New artificial intelligence (AI) developed in the UK could help doctors provide more personalised treatment for cancer patients.
Researchers from the Centre for Vision, Speech and Signal Processing (CVSSP) at the University of Surrey created two machine learning models that are both able to accurately predict the severity of three common symptoms faced by cancer patients: depression, anxiety and sleep disturbance. All three symptoms are associated with severe reduction in cancer patients’ quality of life.
By predicting the course and severity of these symptoms, doctors can personalise the patient’s treatment regimen more efficiently and provide more aggressive and timely interventions, the researchers explained.
The models were based on existing data of the symptoms experienced by cancer patients undergoing chemotherapy treatment. Different time periods were used in order to test whether the machine learning algorithms could accurately predict if and when symptoms emerged.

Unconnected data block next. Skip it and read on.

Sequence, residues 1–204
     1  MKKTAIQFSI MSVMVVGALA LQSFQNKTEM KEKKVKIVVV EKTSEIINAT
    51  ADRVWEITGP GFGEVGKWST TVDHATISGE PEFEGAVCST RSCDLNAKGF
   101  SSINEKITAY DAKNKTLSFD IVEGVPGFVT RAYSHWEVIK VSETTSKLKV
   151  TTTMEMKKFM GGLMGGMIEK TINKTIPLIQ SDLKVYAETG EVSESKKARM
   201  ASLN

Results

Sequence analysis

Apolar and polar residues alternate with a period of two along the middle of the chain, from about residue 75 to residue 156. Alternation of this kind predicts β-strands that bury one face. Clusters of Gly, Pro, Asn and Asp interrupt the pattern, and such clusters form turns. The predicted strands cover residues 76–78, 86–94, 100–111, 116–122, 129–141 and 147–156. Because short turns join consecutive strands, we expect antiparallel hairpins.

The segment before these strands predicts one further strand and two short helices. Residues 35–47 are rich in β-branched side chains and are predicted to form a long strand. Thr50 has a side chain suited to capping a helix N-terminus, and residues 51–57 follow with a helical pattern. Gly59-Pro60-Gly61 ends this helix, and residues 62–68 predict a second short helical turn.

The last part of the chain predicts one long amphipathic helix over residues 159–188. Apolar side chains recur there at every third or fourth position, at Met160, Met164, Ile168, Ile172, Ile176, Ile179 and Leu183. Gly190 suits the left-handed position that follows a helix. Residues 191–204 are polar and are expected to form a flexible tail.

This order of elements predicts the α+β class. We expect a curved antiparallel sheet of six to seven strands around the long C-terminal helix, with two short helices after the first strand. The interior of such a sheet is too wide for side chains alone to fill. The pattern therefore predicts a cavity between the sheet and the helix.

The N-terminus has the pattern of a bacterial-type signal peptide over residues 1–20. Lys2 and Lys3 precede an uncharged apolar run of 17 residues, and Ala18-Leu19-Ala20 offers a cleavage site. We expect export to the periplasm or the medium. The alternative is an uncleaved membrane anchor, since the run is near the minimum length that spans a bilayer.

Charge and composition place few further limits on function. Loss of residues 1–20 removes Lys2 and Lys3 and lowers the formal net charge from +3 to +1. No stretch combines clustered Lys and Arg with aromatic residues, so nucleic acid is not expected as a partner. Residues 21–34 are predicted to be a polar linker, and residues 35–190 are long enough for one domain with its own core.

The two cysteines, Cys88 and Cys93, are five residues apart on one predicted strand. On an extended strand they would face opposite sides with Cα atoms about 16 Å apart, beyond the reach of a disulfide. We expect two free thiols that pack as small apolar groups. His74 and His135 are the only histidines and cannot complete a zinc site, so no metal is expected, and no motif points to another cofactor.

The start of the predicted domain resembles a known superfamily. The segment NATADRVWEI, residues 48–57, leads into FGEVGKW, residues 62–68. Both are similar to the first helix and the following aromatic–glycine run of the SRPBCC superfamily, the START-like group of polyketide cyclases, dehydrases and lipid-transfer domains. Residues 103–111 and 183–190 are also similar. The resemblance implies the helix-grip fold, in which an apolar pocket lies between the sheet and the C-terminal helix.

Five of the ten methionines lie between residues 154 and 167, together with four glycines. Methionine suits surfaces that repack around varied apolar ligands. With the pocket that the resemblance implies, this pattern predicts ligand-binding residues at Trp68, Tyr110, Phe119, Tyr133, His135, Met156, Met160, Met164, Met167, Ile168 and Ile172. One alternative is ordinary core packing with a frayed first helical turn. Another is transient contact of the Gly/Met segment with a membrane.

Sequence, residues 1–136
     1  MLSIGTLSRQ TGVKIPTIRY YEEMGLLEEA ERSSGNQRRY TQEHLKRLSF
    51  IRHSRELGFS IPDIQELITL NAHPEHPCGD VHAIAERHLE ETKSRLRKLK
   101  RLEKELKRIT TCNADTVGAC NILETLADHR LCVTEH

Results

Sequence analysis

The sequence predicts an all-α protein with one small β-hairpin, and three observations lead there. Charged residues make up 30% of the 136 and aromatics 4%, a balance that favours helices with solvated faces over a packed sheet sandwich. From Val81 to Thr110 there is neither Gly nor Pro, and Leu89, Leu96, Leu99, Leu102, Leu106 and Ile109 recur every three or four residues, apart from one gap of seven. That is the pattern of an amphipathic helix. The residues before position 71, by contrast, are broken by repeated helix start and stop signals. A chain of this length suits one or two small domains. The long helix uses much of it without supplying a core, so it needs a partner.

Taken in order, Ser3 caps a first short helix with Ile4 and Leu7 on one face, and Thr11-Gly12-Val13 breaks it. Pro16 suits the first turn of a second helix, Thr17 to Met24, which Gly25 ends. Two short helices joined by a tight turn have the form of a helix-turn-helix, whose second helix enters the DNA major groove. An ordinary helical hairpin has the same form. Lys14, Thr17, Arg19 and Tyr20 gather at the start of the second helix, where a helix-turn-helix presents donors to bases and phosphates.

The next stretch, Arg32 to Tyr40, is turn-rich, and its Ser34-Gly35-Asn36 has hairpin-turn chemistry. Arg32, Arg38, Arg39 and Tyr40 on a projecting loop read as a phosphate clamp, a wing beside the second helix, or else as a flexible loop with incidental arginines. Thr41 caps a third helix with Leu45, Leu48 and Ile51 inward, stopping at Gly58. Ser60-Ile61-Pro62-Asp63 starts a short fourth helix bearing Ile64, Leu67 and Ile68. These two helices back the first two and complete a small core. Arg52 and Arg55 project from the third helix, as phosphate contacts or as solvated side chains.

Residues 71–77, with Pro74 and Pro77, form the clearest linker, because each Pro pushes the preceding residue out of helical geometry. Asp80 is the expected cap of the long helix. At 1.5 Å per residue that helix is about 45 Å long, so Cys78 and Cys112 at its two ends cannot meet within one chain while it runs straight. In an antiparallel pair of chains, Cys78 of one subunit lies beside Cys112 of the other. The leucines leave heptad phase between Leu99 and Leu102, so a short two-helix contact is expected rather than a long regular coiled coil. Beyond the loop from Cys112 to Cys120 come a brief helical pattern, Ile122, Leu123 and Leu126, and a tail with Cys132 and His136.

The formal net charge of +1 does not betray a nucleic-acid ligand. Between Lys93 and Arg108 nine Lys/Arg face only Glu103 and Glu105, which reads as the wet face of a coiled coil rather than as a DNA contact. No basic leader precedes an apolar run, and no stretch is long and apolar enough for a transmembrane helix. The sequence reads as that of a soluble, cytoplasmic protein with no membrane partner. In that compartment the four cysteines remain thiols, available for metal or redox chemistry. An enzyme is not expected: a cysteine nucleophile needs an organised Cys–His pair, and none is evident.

Results published in the PLOS One journal show that the actual reported symptoms were very close to those predicted by the machine learning methods.
“These exciting results show that there is an opportunity for machine learning techniques to make a real difference in the lives of people living with cancer,” said Payam Barnaghi, Professor of Machine Intelligence at the University of Surrey. “They can help clinicians identify high-risk patients, help and support their symptom experience and pre-emptively plan a way to manage those symptoms and improve quality of life.”
Nikos Papachristou, who worked on designing the machine learning algorithms for this project, added: “I am very excited to see how machine learning and AI can be used to create solutions that have a positive impact on the quality of life and well-being of patients.”
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